This is fast-paced, nonstop fun. Cussler fans will gobble it up.

Pub Date: March 10, 2020

ISBN: 978-0-593-08308-6

Page Count: 432

Publisher: Putnam

Review Posted Online: Jan. 13, 2020

Kirkus Reviews Issue: Feb. 1, 2020

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Dark and unsettling, this novel’s end arrives abruptly even as readers are still moving at a breakneck speed.


Ten years after her teenage daughter went missing, a mother begins a new relationship only to discover she can't truly move on until she answers lingering questions about the past.

Laurel Mack’s life stopped in many ways the day her 15-year-old daughter, Ellie, left the house to study at the library and never returned. She drifted away from her other two children, Hanna and Jake, and eventually she and her husband, Paul, divorced. Ten years later, Ellie’s remains and her backpack are found, though the police are unable to determine the reasons for her disappearance and death. After Ellie’s funeral, Laurel begins a relationship with Floyd, a man she meets in a cafe. She's disarmed by Floyd’s charm, but when she meets his young daughter, Poppy, Laurel is startled by her resemblance to Ellie. As the novel progresses, Laurel becomes increasingly determined to learn what happened to Ellie, especially after discovering an odd connection between Poppy’s mother and her daughter even as her relationship with Floyd is becoming more serious. Jewell’s (I Found You, 2017, etc.) latest thriller moves at a brisk pace even as she plays with narrative structure: The book is split into three sections, including a first one which alternates chapters between the time of Ellie’s disappearance and the present and a second section that begins as Laurel and Floyd meet. Both of these sections primarily focus on Laurel. In the third section, Jewell alternates narrators and moments in time: The narrator switches to alternating first-person points of view (told by Poppy’s mother and Floyd) interspersed with third-person narration of Ellie’s experiences and Laurel’s discoveries in the present. All of these devices serve to build palpable tension, but the structure also contributes to how deeply disturbing the story becomes. At times, the characters and the emotional core of the events are almost obscured by such quick maneuvering through the weighty plot.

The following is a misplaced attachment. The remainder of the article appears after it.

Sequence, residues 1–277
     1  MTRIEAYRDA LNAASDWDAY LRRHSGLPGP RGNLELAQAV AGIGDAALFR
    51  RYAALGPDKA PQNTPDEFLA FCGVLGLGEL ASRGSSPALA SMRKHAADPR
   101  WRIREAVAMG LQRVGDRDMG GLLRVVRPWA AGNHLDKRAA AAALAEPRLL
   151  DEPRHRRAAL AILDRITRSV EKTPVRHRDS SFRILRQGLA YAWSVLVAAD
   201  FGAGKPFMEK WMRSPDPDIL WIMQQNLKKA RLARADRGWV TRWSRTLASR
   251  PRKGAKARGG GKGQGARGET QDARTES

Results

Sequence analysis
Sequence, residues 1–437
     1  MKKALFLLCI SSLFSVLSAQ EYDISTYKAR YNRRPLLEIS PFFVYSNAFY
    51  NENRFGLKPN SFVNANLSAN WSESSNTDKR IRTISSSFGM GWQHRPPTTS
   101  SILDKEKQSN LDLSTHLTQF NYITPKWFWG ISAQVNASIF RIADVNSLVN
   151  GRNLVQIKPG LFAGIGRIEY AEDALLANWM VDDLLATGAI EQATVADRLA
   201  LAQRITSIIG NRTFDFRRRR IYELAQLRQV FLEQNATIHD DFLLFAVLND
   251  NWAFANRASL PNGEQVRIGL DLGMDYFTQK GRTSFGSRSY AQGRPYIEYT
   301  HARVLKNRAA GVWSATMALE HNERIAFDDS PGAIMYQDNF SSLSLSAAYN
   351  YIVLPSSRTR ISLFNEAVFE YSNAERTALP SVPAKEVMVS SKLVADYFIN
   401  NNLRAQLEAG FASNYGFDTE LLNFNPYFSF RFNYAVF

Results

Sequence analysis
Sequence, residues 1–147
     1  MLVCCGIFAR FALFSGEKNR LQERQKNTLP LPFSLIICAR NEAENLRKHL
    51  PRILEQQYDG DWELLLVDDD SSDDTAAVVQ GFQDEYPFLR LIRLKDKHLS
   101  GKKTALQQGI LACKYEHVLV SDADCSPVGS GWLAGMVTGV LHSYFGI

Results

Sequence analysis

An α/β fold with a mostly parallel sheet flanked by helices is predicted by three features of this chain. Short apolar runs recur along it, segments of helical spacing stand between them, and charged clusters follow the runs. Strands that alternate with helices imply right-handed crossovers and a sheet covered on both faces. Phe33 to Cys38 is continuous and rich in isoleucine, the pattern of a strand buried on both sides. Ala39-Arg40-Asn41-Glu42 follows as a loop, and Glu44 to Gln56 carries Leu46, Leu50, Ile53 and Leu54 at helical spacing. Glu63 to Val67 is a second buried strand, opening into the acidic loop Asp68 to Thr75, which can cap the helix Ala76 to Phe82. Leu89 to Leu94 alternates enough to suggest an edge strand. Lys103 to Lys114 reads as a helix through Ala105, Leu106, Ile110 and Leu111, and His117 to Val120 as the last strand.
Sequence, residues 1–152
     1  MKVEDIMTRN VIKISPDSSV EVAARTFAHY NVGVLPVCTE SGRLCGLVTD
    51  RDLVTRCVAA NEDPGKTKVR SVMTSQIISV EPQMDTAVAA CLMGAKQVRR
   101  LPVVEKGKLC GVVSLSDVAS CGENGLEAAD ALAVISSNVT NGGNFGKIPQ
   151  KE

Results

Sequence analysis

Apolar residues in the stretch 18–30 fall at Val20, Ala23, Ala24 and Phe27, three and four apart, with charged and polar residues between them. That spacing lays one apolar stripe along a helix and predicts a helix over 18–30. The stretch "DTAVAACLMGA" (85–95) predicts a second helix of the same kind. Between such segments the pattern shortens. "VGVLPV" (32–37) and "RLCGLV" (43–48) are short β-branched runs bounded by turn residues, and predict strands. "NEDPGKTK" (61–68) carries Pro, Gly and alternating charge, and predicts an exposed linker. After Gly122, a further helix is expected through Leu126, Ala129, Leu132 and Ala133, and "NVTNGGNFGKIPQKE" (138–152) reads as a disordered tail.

Dark and unsettling, this novel’s end arrives abruptly even as readers are still moving at a breakneck speed.

Pub Date: April 24, 2018

ISBN: 978-1-5011-5464-5

Page Count: 368

Publisher: Atria

Review Posted Online: Feb. 6, 2018

Kirkus Reviews Issue: Feb. 15, 2018